The collection is rounded off by back-up stories featuring the art of Chris Weston (Judge Dredd, The Filth) and Kyle Hotz (Carnage, Captain Marvel)

The signed limited edition hardcover, available exclusively from 2000 AD's webshop, also features a stunning new cover by Manco.

Out this week...

2000AD Prog 2245
Cover: Mark Harrison

Judge Dredd: Now That's What I Call Justice! by John Wagner (w) John Higgins (a) Sally Hurst (c) Annie Parkhouse (l)
Skip Tracer: Eden by James Peaty (w) Paul Marshall (a) Dylan Teague (c) Jim Campbell (l)
Dexter: Somewhere, Beyond The Sea by Dan Abnett (w) Tazio Bettin (a) John Charles (c) Simon Bowland (l)
Terror Tales: The Torturer's Apprentice by Paul Starkey (w) James Newell (a) Simon Bowland (l)
Aquila: The Rivers of Hades, Book One by Gordon Rennie (w) Patrick Goddard (a) Dylan Teague (c) Annie Parkhouse (l)

Judge Dredd Megazine 435
Cover: Alex Ronald

Judge Dredd: Project Providence by Rory McConville (w) Staz Johnson (a) Pippa Bowland (c) Annie Parkhouse (l)
Diamond Dogs II by James Peaty (w) Warren Pleece (a) Simon Bowland (l)
Angelic: Restitution by Gordon Rennie (w) Lee Carter (a) Annie Parkhouse (l)
The Returners by Si Spencer (w) Nicolo Assirelli (a) Eva De La Cruz (c) Jim Campbell (l)
Devlin Waugh: The Reckoning by Aleš Kot (w) Mike Dowling (a) Simon Bowland (l)
Features: Interviews: Steve Roberts, Lee Sullivan
Bagged collection: 2000 AD Encyclopedia

Hershey: Disease by Rob Williams & Simon Fraser
Rebellion ISBN 978-178108901-9, 17 August 2021, 112pp, £12.99. Available via Amazon.

Hell hath no fury like Barbara Hershey! You think you know her story. Chief Judge of Mega-City One, Barbara Hershey had been a powerful ally to Judge Dredd, until she became infected with an alien pathogen and – supposedly - died. But little do the citizens and judges of Mega-City One suspect that Hershey’s death was faked. Now, join fan favourite character Judge Hershey as she embarks on a new adventure beyond the grave and beyond the walls of Mega-City One, to right the wrongs of her past and dispense justice! Critically acclaimed creative team Rob Williams (Judge Dredd, Doctor Who) and Simon Fraser (Judge Dredd, Doctor Who) tell a globe-spanning, gritty story of retribution.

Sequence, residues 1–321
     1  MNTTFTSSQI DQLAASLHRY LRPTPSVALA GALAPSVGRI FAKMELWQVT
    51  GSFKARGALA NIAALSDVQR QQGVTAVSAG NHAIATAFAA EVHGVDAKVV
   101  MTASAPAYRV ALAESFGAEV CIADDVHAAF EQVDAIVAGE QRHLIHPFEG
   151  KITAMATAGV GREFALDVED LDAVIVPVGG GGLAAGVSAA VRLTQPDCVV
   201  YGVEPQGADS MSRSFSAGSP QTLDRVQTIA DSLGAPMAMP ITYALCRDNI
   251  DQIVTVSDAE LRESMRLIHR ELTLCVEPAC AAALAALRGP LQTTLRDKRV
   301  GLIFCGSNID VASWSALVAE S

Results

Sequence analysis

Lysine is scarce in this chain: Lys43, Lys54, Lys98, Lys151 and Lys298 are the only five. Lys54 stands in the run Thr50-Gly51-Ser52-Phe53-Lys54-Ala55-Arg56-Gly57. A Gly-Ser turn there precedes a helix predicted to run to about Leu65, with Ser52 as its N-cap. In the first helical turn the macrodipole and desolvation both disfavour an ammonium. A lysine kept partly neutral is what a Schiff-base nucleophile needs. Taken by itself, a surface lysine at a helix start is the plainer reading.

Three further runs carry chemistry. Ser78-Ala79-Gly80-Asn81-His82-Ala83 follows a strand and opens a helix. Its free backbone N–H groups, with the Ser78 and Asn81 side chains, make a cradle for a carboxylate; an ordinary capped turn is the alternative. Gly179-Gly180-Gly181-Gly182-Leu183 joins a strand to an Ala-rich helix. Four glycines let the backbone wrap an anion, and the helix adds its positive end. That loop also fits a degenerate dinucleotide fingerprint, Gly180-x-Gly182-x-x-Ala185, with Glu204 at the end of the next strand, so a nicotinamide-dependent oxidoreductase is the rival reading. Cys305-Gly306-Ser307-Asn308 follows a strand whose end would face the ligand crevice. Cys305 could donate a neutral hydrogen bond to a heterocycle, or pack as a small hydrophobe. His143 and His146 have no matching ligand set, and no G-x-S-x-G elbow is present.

The Stainless Steel Rat by Kelvin Gosnell & Carlos Ezquerra
Rebellion ISBN 978-178108899-9, 19 August 2021, 208pp, £19.99. Available via Amazon.

Long out of print, the adaptation of Harry Harrison's science-fiction classic by Kelvin Gosnell and Carlos Ezquerra is back in a gorgeous new edition! James Bolivar diGriz aka 'The Stainless Steel Rat' is many things, including a con man, a thief and a member of an elite law-enforcement agency known as the Special Corps. After escaping the corps, the Rat crosses paths with the beautiful but deadly Angelina. Like Jim diGriz she is also a master criminal, albeit a lot more ruthless. They are a match made in hell! After marrying Angelina, the Rat has to travel through time to stop a master criminal meddling with the past and then later help overthrown an evil President by running for the job himself! A classic from 2000 AD's first 'golden age', Stainless Steel Rat is a must-read for fans of Harrison or old school sci-fi action with bold characters and a wry twist of humour, complemented by Ezquerra's dynamic and inimitable artwork. This brand new edition includes, for the first time, the stunning colour centre spreads as they originally appeared in 2000 AD.”

Friday, August 13, 2021

Comic Cuts — 13 August 2021

With Mel on holiday, we've been taking things easy as far as early morning walks go, wandering out of the house at the unprecedented lateness of 8:00 one morning. Normally we would be out of the house by quarter to seven and back by eight. My normal morning routine would see me turn the computer on, check Bear Alley to make sure any scheduled posts have gone up, cross-post them to Twitter and Facebook, check my mail, check the newspaper while my podcast feed is updating, and I'm usually "at work", so to speak, before 9:00.

This week, I've had a couple of days when I have been working by 6:30, but then taking a break to get some exercise, which splits up the morning quite nicely, as we can then fit in a break at 10:30 before lunch at 12:00. Having a regular schedule, I think, helps keep you focused. Knowing that we have a scheduled break means that I'm not slacking off wondering whether to go and make coffee and maybe have a biscuit or bit of cake (yes, there's usually a treat involved!), or sneaking off to lunch early.

Being quite strict has meant I've managed to get quite a lot done. I'm working on a piece about the old Action comic, which was my post-Valiant gateway back into comics after I'd taken 18 months off reading Speed & Power. Mind you, I was also buying Vulcan, and before that I was a fan of Top Secret Picture Library, so I never really got away from comics. But Action convinced me that I should keep reading comics. I remember some of the fuss in the newspapers and it disappearing; I remember it coming back as a sort of botched plastic surgery version of the Action I loved; I remember giving up on it.